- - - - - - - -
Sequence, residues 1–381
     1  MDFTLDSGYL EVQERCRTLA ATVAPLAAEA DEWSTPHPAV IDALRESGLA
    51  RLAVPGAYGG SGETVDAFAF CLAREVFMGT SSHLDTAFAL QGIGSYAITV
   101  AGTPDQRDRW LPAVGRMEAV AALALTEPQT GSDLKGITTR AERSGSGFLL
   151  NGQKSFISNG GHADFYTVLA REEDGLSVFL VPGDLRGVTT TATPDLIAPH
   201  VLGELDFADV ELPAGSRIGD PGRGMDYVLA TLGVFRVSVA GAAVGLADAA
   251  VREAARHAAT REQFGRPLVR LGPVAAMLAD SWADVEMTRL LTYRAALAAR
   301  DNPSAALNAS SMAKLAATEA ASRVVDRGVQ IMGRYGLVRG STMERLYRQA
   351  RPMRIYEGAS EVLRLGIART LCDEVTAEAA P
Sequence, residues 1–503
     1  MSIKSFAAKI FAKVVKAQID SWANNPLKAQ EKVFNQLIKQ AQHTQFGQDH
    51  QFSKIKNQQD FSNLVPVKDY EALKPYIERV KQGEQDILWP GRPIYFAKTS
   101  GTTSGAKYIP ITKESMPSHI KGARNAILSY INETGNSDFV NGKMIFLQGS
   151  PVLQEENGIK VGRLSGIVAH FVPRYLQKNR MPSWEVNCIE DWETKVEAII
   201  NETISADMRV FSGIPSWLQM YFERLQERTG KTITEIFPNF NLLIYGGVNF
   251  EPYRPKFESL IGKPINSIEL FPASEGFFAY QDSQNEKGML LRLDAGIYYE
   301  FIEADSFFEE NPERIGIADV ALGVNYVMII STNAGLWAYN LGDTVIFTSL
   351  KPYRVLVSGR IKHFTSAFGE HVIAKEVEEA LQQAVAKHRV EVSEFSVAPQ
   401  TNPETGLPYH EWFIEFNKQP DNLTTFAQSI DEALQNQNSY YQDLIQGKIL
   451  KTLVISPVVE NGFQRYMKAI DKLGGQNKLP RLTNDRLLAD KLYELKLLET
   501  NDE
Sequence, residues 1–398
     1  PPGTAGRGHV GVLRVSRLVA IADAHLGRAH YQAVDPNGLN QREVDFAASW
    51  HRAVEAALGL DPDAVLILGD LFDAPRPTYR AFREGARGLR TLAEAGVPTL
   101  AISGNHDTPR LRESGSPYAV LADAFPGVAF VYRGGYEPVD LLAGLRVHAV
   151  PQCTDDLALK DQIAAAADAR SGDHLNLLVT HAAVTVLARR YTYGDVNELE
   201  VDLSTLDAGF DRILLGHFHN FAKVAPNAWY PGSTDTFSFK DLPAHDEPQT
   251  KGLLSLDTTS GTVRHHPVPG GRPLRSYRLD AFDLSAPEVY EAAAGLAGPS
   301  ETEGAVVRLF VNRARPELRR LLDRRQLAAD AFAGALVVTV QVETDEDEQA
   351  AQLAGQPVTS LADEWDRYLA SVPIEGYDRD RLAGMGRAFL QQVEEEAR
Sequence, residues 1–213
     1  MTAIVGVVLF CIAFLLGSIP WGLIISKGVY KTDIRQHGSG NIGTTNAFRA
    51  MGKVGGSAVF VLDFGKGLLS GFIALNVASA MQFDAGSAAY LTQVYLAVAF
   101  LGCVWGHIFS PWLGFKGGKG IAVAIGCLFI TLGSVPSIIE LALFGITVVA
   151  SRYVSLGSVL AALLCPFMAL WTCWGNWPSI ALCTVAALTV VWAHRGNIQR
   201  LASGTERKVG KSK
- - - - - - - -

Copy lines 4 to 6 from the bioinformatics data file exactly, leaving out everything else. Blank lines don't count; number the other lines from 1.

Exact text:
   101  AGTPDQRDRW LPAVGRMEAV AALALTEPQT GSDLKGITTR AERSGSGFLL
   151  NGQKSFISNG GHADFYTVLA REEDGLSVFL VPGDLRGVTT TATPDLIAPH
   201  VLGELDFADV ELPAGSRIGD PGRGMDYVLA TLGVFRVSVA GAAVGLADAA